East Timorese parliamentary election, 2007

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East Timorese parliamentary election, 2007
East Timor
2001 ←
30 June 2007
→ 2012

All 65 seats to the National Parliament of East Timor
  First party Second party
  Mari Bin Amude Alkatiri 2001.jpg President gusmao.jpg
Leader Mari Alkatiri Xanana Gusmão
Party FRETILIN CNRT
Last election 55 seats, 57.4% new party
Seats won 21 18
Seat change –34 ±18
Popular vote 120,592 100,175
Percentage 29.02% 24.10%

Prime Minister before election

Estanislau da Silva
FRETILIN

Prime Minister-designate

Xanana Gusmão
CNRT

Coat of arms of East Timor.svg
This article is part of a series on the
politics and government of
Timor Leste

A parliamentary election was held in East Timor on 30 June 2007.[1] Although a narrow plurality was achieved by the Revolutionary Front for an Independent East Timor (FRETILIN), a coalition involving the next three largest groups formed a government. New Prime Minister Xanana Gusmão (who was the nation's President until May 2007) of the National Congress for Timorese Reconstruction (CNRT) was sworn in on 8 August 2007; Fernando de Araújo of the Democratic Party became President of the National Parliament.

Prelude[edit]

Vote counting in this election was conducted differently due to a new law, according to which votes were to be counted at district counting centers, rather than at polling stations as they were formerly.[2] It was required of parties that one out of every four candidates on their candidate lists be women.[3]

Former President Xanana Gusmão contested the elections with his newly founded National Congress for Timorese Reconstruction.[4] Fourteen parties participated in the election for the 65 seats in parliament,[2] conducted on the basis of proportional representation with party lists.[5]

In early June, two supporters of the CNRT were killed in pre-election violence at the beginning of the campaign period; the rest of the campaign period was reportedly peaceful, however.[2]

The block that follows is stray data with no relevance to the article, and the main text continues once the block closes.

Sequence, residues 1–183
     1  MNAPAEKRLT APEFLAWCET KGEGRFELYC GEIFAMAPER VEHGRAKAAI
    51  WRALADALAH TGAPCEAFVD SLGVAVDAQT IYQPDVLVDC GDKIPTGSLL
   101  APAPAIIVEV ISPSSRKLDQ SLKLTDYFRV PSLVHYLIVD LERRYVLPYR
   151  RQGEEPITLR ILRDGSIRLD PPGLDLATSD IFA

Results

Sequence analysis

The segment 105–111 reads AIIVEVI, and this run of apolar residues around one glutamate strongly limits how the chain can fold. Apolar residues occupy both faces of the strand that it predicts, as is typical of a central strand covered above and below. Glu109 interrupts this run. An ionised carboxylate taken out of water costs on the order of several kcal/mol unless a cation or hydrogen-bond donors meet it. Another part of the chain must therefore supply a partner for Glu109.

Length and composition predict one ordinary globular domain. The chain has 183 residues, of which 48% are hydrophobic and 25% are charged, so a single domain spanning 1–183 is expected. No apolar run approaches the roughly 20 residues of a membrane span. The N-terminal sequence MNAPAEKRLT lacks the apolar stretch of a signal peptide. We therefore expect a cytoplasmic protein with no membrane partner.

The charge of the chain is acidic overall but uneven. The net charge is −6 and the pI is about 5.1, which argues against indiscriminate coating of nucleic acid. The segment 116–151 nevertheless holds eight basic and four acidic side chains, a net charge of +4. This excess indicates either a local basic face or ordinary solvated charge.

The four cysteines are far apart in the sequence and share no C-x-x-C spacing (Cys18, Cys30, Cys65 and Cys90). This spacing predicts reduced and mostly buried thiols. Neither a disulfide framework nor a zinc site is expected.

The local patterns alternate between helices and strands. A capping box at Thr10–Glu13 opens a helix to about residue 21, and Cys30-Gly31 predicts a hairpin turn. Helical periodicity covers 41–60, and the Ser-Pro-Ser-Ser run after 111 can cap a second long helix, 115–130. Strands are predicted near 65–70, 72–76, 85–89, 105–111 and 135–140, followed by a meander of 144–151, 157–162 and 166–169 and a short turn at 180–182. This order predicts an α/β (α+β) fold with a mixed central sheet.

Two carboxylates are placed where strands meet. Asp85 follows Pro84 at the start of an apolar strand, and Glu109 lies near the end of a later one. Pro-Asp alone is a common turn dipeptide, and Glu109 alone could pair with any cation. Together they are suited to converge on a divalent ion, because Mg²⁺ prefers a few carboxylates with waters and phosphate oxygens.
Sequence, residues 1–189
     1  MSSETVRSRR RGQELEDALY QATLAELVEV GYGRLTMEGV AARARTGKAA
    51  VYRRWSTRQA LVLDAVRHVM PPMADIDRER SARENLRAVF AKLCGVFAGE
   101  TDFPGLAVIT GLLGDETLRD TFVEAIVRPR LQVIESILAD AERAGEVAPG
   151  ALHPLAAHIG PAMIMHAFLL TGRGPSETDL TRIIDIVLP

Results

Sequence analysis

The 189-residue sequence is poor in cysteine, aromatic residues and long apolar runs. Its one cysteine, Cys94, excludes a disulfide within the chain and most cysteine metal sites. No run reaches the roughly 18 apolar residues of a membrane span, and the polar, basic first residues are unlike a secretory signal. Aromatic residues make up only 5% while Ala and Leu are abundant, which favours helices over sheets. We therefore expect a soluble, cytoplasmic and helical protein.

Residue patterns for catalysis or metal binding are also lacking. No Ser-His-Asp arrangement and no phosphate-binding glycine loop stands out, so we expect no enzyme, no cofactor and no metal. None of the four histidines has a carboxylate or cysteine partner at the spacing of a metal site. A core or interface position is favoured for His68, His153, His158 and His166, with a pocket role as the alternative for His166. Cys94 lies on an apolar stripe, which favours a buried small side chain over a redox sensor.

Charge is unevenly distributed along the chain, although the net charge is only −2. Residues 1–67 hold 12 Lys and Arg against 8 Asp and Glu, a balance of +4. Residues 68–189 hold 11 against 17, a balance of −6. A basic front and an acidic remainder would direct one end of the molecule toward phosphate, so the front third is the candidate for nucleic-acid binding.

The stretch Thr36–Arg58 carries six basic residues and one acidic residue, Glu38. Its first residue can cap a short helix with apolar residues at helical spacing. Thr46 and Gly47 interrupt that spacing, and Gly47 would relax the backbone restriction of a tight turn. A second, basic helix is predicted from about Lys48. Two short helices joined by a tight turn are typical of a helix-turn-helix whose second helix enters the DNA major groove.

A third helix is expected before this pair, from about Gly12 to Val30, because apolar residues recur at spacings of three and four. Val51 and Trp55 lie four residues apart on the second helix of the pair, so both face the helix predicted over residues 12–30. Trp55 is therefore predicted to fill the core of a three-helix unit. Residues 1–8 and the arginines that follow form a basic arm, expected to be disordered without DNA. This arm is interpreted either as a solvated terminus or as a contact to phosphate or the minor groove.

Election[edit]

Seven parties won seats; the four leading parties are the FRETILIN, Gusmão's CNRT, a coalition of the Timorese Social Democratic Association and the Social Democratic Party, and the Democratic Party.

Provisional results announced on July 9 show FRETILIN in first place with 29.02% of the vote, followed by the CNRT with 24.10%, the ASDT-PSD with 15.73%, and the Democratic Party with 11.30%. On the same day, the electoral commission announced the distribution of seats based on the provisional results: 21 for FRETILIN, 18 for the CNRT, 11 for the ASDT-PSD, 8 for the Democratic Party, 3 for the National Unity Party, 2 for the Democratic Alliance, and 2 for UNDERTIM. In order to win seats, a party had to receive at least 3% of the vote, and seven parties did not reach this level. The electoral commission placed voter turnout at 80.5%.[1]

Post-election negotiations[edit]

With no party receiving a majority of the vote, a coalition government became necessary. Shortly after the election, a CNRT spokesman said that the party was discussing the possibility of forming a coalition with the ASDT-PSD and the Democratic Party.[6] FRETILIN secretary-general Mari Alkatiri also said his party was engaged in coalition talks, but said there was no possibility of the party forming a coalition with the CNRT.[7] PSD leader Mario Viegas Carrascalao said that an alliance of his party with the CNRT would be "natural", but that the presence of a breakaway faction of FRETILIN in the CNRT was "unacceptable".[8] Democratic Party leader Fernando "Lasama" de Araújo said that his party could form a coalition with the CNRT, as there were "no big differences" between it and Gusmão,[9] but also said that there should be a government of national unity including all parties elected to parliament; he argued that it would be harmful to exclude anyone due to what he described as deep differences already existing in the country.[8] President José Ramos-Horta also mentioned the possibility of a national unity government, but Alkatiri, reiterating that a coalition including both FRETILIN and the CNRT was out of the question, said that it would be better for democracy for there to be a strong opposition.[10]

On July 6, it was announced that the CNRT, the ASDT-PSD, and the Democratic Party would form a coalition.[11] Alkatiri argued that it is not necessary for a party to have a majority of seats to govern, and that FRETILIN could form a minority government;[12] on July 7, he said that FRETILIN would do so if it could not form a coalition with other parties.[13] However, he subsequently expressed interest in a government of national unity and said that FRETILIN's doors were "open for all parties, including CNRT".[14]